The lithium isotope ratio in stars can be determined from high resolution observations of the profile of the Li I 6707 Å absorption line. Earlier studies of old F and G stars (Andersen et al. 1984, Maurice et al. 1984, Pilachowski et al. 1989) have led to upper limits of 6Li/7Li ranging from 0.05 to 0.10. Recently, Smith, Lambert & Nissen (1993) seem to have detected 6Li in HD 84937 - a metal-poor turnoff star with Teff ⋍ 6200 K and [Fe/H] ⋍ —2.4. An isotope ratio 6Li/7Li = 0.05 ± 0.02 was determined (see Fig. 1) The detection has been confirmed by Hobbs & Thorburn (1994), who derived 6Li/7Li = 0.07 ± 0.03. The main contribution to the quoted (1σ) errors comes from the noise in the spectrum (S/N = 400) and possible errors in the Doppler broadening of the Li line (Nissen 1994). This broadening is due to stellar rotation and macro-turbulent motions in the stellar atmosphere and can be determined from the profiles of unblended metallic absorption lines.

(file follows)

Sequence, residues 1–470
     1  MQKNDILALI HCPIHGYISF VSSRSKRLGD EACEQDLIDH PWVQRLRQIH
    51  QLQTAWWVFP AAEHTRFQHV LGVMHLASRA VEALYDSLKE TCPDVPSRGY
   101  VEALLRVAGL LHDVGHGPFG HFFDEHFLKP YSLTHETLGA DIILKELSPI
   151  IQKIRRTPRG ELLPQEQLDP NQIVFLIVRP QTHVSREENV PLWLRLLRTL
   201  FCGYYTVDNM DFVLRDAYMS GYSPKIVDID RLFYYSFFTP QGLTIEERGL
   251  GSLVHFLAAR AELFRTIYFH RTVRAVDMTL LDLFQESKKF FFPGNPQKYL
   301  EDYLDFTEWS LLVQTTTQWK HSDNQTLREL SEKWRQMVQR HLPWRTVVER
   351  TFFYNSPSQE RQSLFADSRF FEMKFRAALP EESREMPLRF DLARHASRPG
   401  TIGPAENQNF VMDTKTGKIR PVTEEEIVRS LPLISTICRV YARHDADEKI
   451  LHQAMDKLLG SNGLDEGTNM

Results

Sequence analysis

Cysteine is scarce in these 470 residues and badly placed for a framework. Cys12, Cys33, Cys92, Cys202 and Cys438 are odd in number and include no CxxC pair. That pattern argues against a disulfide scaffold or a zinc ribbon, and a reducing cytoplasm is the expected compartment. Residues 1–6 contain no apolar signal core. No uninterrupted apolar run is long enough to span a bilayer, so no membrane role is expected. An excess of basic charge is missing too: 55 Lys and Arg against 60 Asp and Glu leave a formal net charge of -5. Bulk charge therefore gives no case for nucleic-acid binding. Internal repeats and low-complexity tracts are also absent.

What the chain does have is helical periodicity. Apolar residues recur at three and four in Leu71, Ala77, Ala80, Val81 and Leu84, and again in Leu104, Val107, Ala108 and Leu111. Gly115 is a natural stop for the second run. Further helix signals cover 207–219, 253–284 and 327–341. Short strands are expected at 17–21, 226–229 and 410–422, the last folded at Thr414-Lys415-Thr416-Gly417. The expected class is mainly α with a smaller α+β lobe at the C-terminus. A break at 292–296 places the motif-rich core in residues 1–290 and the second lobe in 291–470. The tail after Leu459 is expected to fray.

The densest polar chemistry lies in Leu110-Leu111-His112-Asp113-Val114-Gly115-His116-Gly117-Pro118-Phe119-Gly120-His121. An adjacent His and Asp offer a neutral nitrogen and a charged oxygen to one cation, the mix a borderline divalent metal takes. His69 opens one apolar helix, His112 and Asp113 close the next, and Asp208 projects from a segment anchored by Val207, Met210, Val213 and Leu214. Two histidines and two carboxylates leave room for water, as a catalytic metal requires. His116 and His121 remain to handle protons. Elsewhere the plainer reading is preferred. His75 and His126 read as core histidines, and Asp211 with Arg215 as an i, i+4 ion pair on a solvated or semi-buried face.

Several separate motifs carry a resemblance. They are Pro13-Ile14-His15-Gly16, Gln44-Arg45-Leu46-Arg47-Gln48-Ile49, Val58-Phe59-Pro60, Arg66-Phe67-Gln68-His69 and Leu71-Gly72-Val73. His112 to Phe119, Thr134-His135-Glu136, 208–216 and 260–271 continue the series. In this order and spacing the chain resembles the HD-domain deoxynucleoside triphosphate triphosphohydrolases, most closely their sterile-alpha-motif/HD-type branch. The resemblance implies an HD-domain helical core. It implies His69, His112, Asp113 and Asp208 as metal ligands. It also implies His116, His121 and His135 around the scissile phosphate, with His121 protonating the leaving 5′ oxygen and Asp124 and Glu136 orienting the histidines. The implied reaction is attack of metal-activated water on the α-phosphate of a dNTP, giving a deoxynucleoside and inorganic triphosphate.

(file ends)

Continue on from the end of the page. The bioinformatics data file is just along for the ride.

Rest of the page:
As discussed in detail by Steigman et al. (1993) the presence of 6Li in the atmosphere of HD 84937 is consistent with the measured Be abundance (Boesgaard & King 1993) within the context of i) Standard Big Bang nucleosynthesis, ii) Pop. II cosmic ray nucleosynthesis and iii) standard (non-rotating) models for Li depletion. In particular, Steigman et al. derive D6 > 0.2, where D6 is the depletion factor for 6Li. As shown by Chaboyer (1994) standard stellar evolution models with new opacities predict D6≃ 0.4 for turnoff stars and subgiants with Teff > 5900 K. The same models predict D7 ≃ 1.0, i.e. no 7Li depletion for main sequence stars as well as subgiants with Teff ≥ 5800 K.